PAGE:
Letter to the Past: An Autobiography
R. Gordon Moyles is professor emeritus of English at the University of
Alberta, co-author of Imperial Dreams and Colonial Realities: British
Views of Canada, 1880–1914, and author of The Salvation Army and the
George Woodcock is Canada’s pre-eminent man of letters, internationally known for his poetry and his biographies of George Orwell, Oscar Wilde, Thomas Merton, and Kropotkin; and nationally esteemed for his editorship of Canadian Literature, his illuminating studies of the Doukhobors, his award-winning biography of Gabriel Dumont, his television series on the South Pacific, and his numerous other books, radio plays, and articles. Such a wide range of acquaintances and accomplishments, coupled with a brilliant and eclectic imagination, are in themselves enough to provoke the inevitable biographical questions: Who is George Woodcock? What makes him so knowledgeable? How did he get to know George Orwell? Quite simply, the more we read by him, the more curious we are to know about him.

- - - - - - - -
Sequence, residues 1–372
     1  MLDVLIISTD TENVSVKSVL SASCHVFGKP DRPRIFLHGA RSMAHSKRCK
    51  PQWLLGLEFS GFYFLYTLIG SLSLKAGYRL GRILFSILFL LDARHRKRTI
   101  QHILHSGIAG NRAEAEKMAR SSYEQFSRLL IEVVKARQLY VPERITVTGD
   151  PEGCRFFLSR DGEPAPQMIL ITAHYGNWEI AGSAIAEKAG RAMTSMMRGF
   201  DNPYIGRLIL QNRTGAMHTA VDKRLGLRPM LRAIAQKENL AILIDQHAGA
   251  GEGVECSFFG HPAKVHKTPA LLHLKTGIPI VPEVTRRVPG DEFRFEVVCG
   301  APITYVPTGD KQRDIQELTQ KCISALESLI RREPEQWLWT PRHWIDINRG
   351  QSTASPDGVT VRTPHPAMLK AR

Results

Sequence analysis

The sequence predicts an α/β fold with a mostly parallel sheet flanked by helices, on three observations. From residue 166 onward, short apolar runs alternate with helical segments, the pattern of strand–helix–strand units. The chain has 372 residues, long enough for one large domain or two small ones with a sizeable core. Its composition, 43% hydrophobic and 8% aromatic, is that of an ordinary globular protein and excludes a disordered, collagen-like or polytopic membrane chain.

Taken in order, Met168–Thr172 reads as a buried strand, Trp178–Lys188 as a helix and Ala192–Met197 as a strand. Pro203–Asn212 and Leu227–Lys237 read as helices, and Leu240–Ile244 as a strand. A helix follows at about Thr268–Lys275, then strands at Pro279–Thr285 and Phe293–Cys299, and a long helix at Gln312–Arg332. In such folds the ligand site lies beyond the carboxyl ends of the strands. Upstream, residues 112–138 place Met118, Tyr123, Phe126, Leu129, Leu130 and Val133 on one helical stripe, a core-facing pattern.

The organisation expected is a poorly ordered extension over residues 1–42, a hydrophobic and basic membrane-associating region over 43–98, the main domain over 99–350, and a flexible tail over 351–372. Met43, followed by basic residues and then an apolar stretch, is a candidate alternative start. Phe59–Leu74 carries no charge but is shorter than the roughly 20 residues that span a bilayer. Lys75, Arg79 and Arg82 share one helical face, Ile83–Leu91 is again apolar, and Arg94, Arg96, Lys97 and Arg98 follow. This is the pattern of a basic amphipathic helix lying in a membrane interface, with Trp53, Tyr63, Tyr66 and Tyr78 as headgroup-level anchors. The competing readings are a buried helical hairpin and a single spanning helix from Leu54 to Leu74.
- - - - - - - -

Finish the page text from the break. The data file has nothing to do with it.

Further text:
On a very practical level, then, Letter to the Past is a very satisfying book: it does indeed answer those personal questions in a most engaging manner. But, much more than that, this autobiography (which chronicles Woodcock’s life in England, before his return to Canada) is a vivid depiction of an era — the 1930s and ‘40s — and society whose impact is still felt in our own lives. In his inimitable style, so eloquent yet so lucid, Woodcock describes life “in the quickly changing world of the 1920s, the world of flappers and fast cars and social unrest” and, then, what it was like to be living in London in the ‘30s as an aspiring writer, a socialist, a pacifist, and soon-to-be leader of the Anarchist Movement. Here were established the hard-won principles and values that have directed his life and his writing; it is that struggle for personal independence, vivified in intimate detail, which is the essence of this book. It will, of course, be of immense interest to Woodcock’s devotees, and will no doubt be read avidly by historians of the period, but it is a book for all people, for it reveals a deep understanding of human-nature and society, exemplifies a rare courage, and evokes an awareness of true dignity. Always admired as a superb stylist, Woodcock is here at his best; we eagerly await a second volume which will bring him and us home again.